5 Types Of Items To Add To Homemade Candles (and how to choose them).

We all agree that making your own candles can be relaxing and a lot of fun! You can be as creative as you want; the sky is the limit. But if you lack ideas or wish to know what type of ingredients many candle makers use in their crafting, stay tuned because this article might be what you need.

What can you add to homemade candles? Many types of items that are not combustible can be embedded in a candle but should never come in contact with the wick under any circumstance. Any contact may cause the wick to extinguish.

Do you dream of creating your own beautifully scented candles that put store-bought ones to shame? Are you tired of feeling envious of those who effortlessly craft stunning candles for their homes or businesses? If so, we have the perfect solution for you! Candle Making 4 You™ is a comprehensive step-by-step guide that will turn you into a master candle maker – whether you’re a complete beginner or an experienced hobbyist. This system will teach you everything you need to know to create candles that look professional and smell amazing.

To make it clear, this article is not about how to make candles but about what you can add as extras. Making a basic candle is very simple since you only need wax, but to give you a quick guide, you can use a few types of wax.

Paraffin Wax - 7lb Granular Wax - Quality Paraffin Wax for Candle Making, Canning, Candy & Chocolate Wax and Everyday Hobby Uses - Unscented - Food Grade Wax Made in North America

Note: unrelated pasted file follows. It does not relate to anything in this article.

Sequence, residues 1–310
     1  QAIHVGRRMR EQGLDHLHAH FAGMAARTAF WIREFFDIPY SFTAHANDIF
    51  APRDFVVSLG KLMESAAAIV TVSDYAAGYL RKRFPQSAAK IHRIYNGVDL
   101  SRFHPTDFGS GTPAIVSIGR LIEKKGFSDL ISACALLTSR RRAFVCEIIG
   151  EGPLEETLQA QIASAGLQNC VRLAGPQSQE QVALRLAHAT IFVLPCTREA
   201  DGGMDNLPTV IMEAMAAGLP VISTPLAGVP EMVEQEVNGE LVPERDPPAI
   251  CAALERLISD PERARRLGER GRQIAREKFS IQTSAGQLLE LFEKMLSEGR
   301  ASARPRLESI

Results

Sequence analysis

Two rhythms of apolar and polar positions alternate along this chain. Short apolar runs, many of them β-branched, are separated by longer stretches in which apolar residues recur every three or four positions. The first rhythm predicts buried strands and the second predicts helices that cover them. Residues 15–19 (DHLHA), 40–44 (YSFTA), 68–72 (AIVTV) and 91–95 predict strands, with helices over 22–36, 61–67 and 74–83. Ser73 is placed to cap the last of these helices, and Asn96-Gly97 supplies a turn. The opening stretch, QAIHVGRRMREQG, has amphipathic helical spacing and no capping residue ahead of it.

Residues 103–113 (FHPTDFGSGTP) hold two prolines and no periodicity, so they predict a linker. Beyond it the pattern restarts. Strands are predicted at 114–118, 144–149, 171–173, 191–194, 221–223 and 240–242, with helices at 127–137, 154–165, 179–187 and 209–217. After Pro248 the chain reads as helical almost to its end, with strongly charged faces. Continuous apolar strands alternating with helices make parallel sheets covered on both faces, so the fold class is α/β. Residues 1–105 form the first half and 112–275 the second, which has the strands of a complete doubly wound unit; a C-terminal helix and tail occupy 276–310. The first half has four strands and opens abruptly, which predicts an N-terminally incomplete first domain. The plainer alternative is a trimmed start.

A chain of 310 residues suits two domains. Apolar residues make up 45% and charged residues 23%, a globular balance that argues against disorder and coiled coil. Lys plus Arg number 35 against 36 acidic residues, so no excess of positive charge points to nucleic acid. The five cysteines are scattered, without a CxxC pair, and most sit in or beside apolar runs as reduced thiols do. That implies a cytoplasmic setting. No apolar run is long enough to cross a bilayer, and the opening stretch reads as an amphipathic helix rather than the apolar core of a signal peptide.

When we talk about making candles the traditional way, Paraffin wax comes to mind. In fact, this method was used for hundreds of years and still is today by many. However, the use of Paraffin comes with some concerns. After a study made back in 2009 found that paraffin wax could actually be potentially toxic when burnt.

The fumes released when burning Paraffin were linked to Asthma or, even worse, lung cancer. So, my recommendation would go for an alternative.

Oraganix Natural Soy Wax for DIY Candle Making Supplies-10lb Bag with 150ct 6'' Pre-Waxed Candle Wicks

Soy wax is (compared to the two others) quite new. It was created in the ’90s and is gaining quite some popularity lately. Compared to Paraffin, Soy wax is all-natural (made with soybean) and is not toxic at all. This is probably the best option overall.

Stakich Yellow Beeswax Blocks - Natural 2 Pounds

The first candle makers used beeswax; it was even used in ancient Egypt, so it is one of the oldest among the three. It is not the best option for scents, as beeswax does not work well if you ad fragrances to it. Its naturally sweet and subtle scent interferes with other added artificial scents. On top of it, it is one of the most of three.

So now we got that out of the way. Let’s see what type of ingredients you can add to your candle.

1. Fragrances and essential oils

Let’s start first with the most obvious, shall we? Your candle will light up and burn without any fragrance, but it won’t have any aromatic smell. Like anyone, you have your preference for fragrances, but also, like many, you might not know that some are not suited for candle making.

Also, something that is asked a lot is the number of fragrances added to candles. I won’t go into details, but all I can say is when you make candles, you need to get your measurements right. If you wish to know more about it, you can find all the information in this article.

Stay away from synthetic fragrances.